My experiences in judo and BJJ
The judo club I trained at regularly for several years was about 50/50 between newaza and tachiwaza (groundwork and throws). (Actually, it was more like 43/47/10 with the 10% being kata and standing joint locks.)
My time at other judo schools has showed the ratio to be fairly different: 75/25 in favor of throwing, or even 90/10.
My six months at an MMA-oriented BJJ club involved zero takedowns. Those were covered in judo or wrestling classes. We were allowed to start standing if there was space.
My visits to sport BJJ schools have been about 90% groundwork, 10% throws, with most of the nagewaza work being fitting in or throw-for-throw, not sparring. Maybe the advanced classes had more throws; I'm only a white belt.
I've heard of BJJ schools that are supposedly 60/40 between groundwork and throws, such as the Ribiero or Camarillo organizations, but I have not experienced that personally.
There's nothing wrong with any of these approaches. It's all down to your goals and the school's goals.
BJJ-for-MMA has little need for judo throws or working gi takedowns, but their wrestling might get a lot of attention. Sport-BJJ views takedowns as optional. Judo can be balanced or it can focus entirely on just surviving groundwork. Judo or BJJ for self-defense might give time to both, plus some work on defending against strikes.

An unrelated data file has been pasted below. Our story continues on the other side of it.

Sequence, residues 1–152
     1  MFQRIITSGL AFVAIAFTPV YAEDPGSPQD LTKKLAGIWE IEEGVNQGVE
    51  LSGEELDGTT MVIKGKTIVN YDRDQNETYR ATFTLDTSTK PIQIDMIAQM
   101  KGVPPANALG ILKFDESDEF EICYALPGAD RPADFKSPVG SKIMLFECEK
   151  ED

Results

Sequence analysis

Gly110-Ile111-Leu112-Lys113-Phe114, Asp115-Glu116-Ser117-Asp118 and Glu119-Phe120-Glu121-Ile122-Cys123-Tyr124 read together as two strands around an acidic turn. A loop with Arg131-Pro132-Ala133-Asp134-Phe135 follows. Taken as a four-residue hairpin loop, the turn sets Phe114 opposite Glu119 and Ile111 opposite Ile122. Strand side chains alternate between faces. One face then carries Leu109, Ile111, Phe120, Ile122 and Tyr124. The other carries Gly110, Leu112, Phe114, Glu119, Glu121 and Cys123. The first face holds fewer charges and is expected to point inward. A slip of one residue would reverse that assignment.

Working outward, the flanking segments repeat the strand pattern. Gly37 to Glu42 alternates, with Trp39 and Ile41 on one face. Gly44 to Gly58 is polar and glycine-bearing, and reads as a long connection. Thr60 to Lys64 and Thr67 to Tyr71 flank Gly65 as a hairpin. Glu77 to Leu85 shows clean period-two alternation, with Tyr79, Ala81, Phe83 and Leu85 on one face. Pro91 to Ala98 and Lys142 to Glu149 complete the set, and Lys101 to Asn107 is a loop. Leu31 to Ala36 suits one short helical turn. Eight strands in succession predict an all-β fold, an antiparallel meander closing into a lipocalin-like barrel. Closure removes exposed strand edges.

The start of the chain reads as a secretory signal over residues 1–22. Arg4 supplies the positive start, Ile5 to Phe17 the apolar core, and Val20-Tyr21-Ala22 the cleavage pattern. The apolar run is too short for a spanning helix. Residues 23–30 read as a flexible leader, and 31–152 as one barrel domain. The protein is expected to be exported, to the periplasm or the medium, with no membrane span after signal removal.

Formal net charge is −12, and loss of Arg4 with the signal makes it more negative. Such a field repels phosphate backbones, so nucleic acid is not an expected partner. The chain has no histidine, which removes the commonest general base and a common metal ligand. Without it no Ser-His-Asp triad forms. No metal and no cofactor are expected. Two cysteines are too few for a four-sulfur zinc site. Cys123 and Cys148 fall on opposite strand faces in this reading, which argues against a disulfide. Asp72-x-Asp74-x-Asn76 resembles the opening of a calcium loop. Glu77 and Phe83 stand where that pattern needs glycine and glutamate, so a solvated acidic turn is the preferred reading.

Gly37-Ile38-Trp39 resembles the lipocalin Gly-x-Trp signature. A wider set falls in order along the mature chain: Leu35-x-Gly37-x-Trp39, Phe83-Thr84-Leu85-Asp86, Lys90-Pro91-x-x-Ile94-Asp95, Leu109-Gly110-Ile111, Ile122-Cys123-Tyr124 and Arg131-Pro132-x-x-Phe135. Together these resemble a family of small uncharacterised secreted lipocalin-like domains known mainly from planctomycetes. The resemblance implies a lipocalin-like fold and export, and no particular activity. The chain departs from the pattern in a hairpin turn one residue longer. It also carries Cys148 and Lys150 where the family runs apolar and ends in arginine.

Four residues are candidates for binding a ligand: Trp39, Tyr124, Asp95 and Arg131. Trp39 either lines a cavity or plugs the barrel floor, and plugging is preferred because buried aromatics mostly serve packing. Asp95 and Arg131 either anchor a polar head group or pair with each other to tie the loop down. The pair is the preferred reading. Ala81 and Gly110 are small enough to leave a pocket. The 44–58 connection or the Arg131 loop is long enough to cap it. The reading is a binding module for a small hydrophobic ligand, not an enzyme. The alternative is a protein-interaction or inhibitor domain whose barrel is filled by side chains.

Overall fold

However, I am generally cautious of an instructor who can only teach "their game". This means that it would be a negative mark if the school doesn't teach takedowns because the instructor can only win from his back, or if the school doesn't do groundwork because the instructor only knows uchimata. It's not a disqualifying error, but it's something to take into consideration.
How Things Should Be
I prefer a more balanced approach, because I want to have at least a portion of my training be relevant to self-defense. Aesthetically I dislike a judoka without a versatile ground game and the jiujitsiero whose only option from standing is to pull or jump guard. Options are good.
The best thing in grappling is to throw your opponent devastatingly, pass their guard, mount them, and choke them out from the top. But it's equally great to pull guard against a larger, stronger, better takedown artist, then reverse the position with a quick guard sweep, take their back, and choke them out. The dominant performance should be valued as much as the weaker defeating the stronger.
Because of the way sport BJJ and sport judo are taught, sometimes the best option is to train both separately. But a BJJ-for-MMA school should be conversant with takedowns, and any school that purports to have general-purpose BJJ or judo should spend at least a tenth or a quarter of their time on groundwork and throws each.